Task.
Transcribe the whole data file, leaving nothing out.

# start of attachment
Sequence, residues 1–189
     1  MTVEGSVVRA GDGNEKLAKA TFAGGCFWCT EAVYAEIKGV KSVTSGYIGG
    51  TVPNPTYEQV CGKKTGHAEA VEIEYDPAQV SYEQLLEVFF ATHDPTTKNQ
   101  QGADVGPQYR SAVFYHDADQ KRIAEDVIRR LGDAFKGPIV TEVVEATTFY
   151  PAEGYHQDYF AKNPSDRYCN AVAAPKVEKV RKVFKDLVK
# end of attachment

Sequence, residues 1–189
     1  MTVEGSVVRA GDGNEKLAKA TFAGGCFWCT EAVYAEIKGV KSVTSGYIGG
    51  TVPNPTYEQV CGKKTGHAEA VEIEYDPAQV SYEQLLEVFF ATHDPTTKNQ
   101  QGADVGPQYR SAVFYHDADQ KRIAEDVIRR LGDAFKGPIV TEVVEATTFY
   151  PAEGYHQDYF AKNPSDRYCN AVAAPKVEKV RKVFKDLVK